AMHERST, Mass. - he University of Massachusetts was recently accepted as one of 48 members of the University Consortium for Geographic Information Science, a not-for-profit organization dedicated to advancing high-tech research in geographic information systems (GIS). UMass was accepted for membership based on its strong interdisciplinary interests in this field. The announcement was made by Richard Taupier, associate director of the University’s Office of Geographic Information and Analysis (OGIA).
"Very simply, GIS is the use of sophisticated computer systems to show demographic and environmental information using maps," explained Taupier. "We use GIS to explore topics as diverse as employment statistics, health information, transportation systems, and the distribution of natural resources. Seeing information on a map can help us spot trends and relationships that wouldn’t necessarily be apparent if the information were listed on a chart or graph." GIS was sparked by efforts in the 1970s to make the best use of natural resources in North America, Taupier said. That information is used by a variety of clients, including governmental agencies, sociologists, and utility companies. GIS has been applied to many environmental problems, such as preservation of wildlife habitats and wetlands, and better understanding of the environmental impacts of development.
Taupier offers this example: "We may know that 10 percent of the people in a community are from low-income families. But we would use GIS to answer questions such as whether the low-income families live in one part of town, or whether they’re evenly distributed, and where their children go to school."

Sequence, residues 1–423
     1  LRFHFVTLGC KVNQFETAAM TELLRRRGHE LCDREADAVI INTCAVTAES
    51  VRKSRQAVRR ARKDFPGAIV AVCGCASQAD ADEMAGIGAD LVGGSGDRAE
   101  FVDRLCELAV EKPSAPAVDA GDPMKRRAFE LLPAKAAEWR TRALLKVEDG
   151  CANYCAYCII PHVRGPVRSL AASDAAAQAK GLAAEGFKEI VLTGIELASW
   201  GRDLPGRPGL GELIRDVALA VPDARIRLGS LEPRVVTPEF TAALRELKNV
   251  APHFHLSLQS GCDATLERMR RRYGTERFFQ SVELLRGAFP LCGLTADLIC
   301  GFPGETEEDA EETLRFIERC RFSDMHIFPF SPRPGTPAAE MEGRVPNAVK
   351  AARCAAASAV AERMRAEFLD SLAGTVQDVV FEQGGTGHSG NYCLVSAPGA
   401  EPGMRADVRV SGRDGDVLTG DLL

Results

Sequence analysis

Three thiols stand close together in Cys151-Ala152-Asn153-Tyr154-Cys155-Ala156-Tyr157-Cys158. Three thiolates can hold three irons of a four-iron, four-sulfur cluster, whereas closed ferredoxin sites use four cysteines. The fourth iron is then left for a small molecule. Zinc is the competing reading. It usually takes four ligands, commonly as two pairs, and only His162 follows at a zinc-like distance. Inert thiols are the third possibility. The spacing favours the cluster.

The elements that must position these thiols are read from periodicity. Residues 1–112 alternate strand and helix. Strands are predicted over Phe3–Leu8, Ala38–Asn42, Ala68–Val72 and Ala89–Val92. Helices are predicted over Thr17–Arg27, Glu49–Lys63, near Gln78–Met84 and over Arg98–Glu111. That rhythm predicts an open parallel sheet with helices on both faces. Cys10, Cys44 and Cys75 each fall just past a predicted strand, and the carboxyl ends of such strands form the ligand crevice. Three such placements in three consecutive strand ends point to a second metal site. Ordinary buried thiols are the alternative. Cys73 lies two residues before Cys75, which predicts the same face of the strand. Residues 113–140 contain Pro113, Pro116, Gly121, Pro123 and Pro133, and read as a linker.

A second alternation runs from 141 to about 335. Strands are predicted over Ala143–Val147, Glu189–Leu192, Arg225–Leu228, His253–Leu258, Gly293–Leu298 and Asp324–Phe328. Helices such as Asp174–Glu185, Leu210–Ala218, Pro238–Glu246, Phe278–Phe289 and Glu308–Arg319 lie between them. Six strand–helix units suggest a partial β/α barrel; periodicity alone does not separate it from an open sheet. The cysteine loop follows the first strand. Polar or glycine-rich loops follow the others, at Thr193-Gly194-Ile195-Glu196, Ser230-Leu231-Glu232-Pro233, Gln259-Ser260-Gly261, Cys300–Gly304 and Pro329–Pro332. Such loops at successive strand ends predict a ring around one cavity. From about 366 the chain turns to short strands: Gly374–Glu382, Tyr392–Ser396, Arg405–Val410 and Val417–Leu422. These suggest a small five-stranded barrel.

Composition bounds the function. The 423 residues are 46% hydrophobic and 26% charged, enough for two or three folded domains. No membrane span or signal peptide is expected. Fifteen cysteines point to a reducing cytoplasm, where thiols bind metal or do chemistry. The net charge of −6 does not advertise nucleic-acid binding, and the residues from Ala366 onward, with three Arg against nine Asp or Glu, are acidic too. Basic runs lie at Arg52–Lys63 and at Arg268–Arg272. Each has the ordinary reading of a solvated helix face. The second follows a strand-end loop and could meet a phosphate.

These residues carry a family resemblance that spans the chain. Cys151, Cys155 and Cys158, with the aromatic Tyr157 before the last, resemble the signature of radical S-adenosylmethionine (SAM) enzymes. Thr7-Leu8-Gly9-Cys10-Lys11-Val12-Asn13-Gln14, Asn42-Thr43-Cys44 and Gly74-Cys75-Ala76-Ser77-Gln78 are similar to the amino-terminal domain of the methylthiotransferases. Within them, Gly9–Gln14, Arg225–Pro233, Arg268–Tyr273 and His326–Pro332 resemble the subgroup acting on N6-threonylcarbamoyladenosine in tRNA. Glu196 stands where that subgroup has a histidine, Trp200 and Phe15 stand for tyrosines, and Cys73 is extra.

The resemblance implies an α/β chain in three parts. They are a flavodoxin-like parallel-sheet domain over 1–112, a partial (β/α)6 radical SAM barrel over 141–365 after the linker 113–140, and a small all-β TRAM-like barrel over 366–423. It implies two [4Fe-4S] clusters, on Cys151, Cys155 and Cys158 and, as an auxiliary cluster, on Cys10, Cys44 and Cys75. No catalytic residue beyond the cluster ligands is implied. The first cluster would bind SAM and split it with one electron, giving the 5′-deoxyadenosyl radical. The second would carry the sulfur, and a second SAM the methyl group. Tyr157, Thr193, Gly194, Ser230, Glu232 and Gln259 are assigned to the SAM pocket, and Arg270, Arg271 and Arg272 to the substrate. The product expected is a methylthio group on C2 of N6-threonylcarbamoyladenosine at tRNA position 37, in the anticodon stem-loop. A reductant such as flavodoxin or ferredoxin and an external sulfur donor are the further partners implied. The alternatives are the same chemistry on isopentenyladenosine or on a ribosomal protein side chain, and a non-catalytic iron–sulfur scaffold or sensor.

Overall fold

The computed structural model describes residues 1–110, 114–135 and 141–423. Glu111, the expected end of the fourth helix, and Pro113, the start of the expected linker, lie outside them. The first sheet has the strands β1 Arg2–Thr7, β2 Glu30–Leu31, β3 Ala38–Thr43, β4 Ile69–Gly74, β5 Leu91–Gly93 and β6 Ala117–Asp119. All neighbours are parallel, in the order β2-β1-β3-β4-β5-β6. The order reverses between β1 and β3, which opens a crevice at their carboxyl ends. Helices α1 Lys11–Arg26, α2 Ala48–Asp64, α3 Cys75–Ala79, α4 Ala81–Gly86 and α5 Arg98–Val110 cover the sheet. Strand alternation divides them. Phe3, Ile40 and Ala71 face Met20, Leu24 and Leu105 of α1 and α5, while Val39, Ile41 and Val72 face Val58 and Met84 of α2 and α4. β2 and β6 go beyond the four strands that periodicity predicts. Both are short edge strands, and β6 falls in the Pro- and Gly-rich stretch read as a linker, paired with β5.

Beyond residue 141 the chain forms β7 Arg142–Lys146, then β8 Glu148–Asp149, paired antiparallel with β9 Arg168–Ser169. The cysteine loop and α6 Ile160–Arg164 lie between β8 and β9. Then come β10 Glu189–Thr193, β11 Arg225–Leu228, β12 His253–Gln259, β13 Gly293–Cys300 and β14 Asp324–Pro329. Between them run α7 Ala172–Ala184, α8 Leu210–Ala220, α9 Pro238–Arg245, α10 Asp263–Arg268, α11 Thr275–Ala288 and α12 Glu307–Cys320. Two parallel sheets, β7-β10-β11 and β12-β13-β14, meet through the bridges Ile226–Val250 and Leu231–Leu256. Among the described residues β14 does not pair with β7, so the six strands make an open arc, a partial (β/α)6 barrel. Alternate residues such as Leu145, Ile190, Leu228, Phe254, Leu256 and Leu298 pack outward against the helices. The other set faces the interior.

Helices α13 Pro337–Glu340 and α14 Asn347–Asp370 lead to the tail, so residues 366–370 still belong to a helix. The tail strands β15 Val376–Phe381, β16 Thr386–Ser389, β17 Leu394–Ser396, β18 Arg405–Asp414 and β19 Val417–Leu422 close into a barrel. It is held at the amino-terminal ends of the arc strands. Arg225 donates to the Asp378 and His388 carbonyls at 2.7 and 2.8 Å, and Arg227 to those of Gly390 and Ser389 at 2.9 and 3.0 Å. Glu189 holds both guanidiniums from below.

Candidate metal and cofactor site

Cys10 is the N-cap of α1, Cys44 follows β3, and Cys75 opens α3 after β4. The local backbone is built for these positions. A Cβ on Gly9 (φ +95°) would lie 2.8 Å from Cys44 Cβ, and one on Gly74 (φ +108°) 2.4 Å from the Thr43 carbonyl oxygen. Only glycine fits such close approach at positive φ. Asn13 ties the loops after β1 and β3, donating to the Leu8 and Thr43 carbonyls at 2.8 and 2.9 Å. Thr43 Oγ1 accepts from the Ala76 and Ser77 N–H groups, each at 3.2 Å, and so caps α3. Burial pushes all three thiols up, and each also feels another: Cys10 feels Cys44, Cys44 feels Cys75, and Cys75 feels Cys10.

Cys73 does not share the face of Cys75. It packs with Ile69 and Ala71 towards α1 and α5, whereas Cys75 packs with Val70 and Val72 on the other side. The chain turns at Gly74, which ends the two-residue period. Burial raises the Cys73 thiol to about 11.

The University established OGIA within The Environmental Institute in July 1994, to assist the eight academic departments which use GIS technologies. In addition to specialized and highly technical computer equipment, including hardware and software, GIS requires satellite systems, scanners, and digital cameras, Taupier explained. The office helps to build and maintain GIS laboratories, works with faculty and administrators who use GIS, and functions as the campus clearinghouse for geographic information, Taupier said. OGIA maintains laboratories in Hasbrouck Hall and Hills North, and has assisted some 100 graduate students studying GIS. The office’s research and outreach activities have involved academics and professionals throughout the U.S. and the world, Taupier said.
Consortium members have the opportunity to participate in reviewing and setting national research priorities in GIS and related fields, according to Taupier. The consortium’s goals include setting research priorities, assessing the field’s contributions to national scientific and public policy issues, and fostering geographic information and analysis in support of global environmental quality; international economic competitiveness; and maintaining leadership in basic science, mathematics, and engineering, he said.